1 Mr. Brocklehurst buys all our food and all our clothes.
2 ---, by Naomi Brocklehurst, of Brocklehurst Hall, in this county.
3 Consistency, my dear Mr. Brocklehurst; I advocate consistency in all things.
4 Mr. Brocklehurst was here interrupted: three other visitors, ladies, now entered the room.
5 I mention this in your hearing, Jane, that you may not attempt to impose on Mr. Brocklehurst.
6 ; the promise pledged by Mr. Brocklehurst to apprise Miss Temple and the teachers of my vicious nature.
7 Meantime, Mr. Brocklehurst, standing on the hearth with his hands behind his back, majestically surveyed the whole school.
8 Yes, I was right: it was Mr. Brocklehurst, buttoned up in a surtout, and looking longer, narrower, and more rigid than ever.
9 With these words Mr. Brocklehurst put into my hand a thin pamphlet sewn in a cover, and having rung for his carriage, he departed.
10 I shall return to Brocklehurst Hall in the course of a week or two: my good friend, the Archdeacon, will not permit me to leave him sooner.
11 These ladies were deferentially received by Miss Temple, as Mrs. and the Misses Brocklehurst, and conducted to seats of honour at the top of the room.
12 I heard the name of Mr. Brocklehurst pronounced by some lips; at which Miss Miller shook her head disapprovingly; but she made no great effort to check the general wrath; doubtless she shared in it.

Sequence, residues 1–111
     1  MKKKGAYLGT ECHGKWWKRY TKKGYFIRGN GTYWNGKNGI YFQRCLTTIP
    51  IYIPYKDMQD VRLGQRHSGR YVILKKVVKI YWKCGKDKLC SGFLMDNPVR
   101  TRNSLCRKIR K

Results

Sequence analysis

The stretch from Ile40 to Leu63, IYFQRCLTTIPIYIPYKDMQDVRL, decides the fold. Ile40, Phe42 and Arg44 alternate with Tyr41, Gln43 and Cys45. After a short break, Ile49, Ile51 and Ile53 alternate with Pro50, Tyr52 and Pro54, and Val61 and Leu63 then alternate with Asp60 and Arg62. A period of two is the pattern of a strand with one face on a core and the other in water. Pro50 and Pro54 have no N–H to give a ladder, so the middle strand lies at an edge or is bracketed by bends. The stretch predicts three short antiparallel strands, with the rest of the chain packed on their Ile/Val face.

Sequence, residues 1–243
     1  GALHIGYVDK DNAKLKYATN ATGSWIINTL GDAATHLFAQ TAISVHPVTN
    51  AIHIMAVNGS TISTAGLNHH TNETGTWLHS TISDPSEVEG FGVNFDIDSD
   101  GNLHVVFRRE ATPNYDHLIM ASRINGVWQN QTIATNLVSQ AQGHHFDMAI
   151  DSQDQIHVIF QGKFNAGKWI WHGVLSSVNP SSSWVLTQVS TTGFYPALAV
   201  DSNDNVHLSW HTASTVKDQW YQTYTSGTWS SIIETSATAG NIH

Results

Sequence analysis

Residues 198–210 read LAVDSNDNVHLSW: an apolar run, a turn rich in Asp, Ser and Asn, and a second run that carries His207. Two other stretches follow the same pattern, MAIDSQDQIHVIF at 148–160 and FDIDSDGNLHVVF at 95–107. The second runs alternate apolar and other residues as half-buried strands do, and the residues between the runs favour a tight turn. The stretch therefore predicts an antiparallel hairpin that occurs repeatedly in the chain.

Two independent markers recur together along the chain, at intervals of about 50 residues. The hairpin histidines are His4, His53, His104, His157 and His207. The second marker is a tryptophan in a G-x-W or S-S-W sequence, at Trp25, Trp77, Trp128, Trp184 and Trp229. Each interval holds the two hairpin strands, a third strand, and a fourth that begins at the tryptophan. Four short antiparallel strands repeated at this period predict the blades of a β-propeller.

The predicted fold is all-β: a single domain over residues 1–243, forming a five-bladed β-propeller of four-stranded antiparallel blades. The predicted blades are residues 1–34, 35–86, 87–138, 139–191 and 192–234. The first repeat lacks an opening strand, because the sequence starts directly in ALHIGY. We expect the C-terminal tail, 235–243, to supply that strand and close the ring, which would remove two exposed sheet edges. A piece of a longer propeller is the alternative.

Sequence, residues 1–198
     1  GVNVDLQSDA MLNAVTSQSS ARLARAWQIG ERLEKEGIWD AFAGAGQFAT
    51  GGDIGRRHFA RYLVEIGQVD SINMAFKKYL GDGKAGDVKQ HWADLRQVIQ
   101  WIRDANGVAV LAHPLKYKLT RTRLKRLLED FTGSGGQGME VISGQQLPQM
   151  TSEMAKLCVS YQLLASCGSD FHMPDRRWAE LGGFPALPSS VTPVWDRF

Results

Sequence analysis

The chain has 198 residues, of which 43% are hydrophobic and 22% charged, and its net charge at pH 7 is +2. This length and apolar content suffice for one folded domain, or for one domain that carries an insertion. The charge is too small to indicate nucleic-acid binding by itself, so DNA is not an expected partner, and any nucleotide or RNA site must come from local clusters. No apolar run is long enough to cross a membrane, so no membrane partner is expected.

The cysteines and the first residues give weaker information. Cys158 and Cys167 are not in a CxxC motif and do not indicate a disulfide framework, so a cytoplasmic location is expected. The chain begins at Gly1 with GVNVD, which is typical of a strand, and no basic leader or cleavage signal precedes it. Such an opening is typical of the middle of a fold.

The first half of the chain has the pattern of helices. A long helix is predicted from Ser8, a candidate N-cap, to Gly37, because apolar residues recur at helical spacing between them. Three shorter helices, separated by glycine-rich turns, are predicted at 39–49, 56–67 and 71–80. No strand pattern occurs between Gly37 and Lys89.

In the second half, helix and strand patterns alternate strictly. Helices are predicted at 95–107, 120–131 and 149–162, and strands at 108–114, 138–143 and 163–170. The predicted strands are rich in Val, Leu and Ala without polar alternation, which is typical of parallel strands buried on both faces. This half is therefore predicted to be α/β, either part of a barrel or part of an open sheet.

13 With this sublime conclusion, Mr. Brocklehurst adjusted the top button of his surtout, muttered something to his family, who rose, bowed to Miss Temple, and then all the great people sailed in state from the room.
14 Hitherto, while gathering up the discourse of Mr. Brocklehurst and Miss Temple, I had not, at the same time, neglected precautions to secure my personal safety; which I thought would be effected, if I could only elude observation.
15 I have not yet alluded to the visits of Mr. Brocklehurst; and indeed that gentleman was from home during the greater part of the first month after my arrival; perhaps prolonging his stay with his friend the archdeacon: his absence was a relief to me.
16 What had just passed; what Mrs. Reed had said concerning me to Mr. Brocklehurst; the whole tenor of their conversation, was recent, raw, and stinging in my mind; I had felt every word as acutely as I had heard it plainly, and a passion of resentment fomented now within me.
17 Leaning a little back on my bench, I could see the looks and grimaces with which they commented on this manoeuvre: it was a pity Mr. Brocklehurst could not see them too; he would perhaps have felt that, whatever he might do with the outside of the cup and platter, the inside was further beyond his interference than he imagined.
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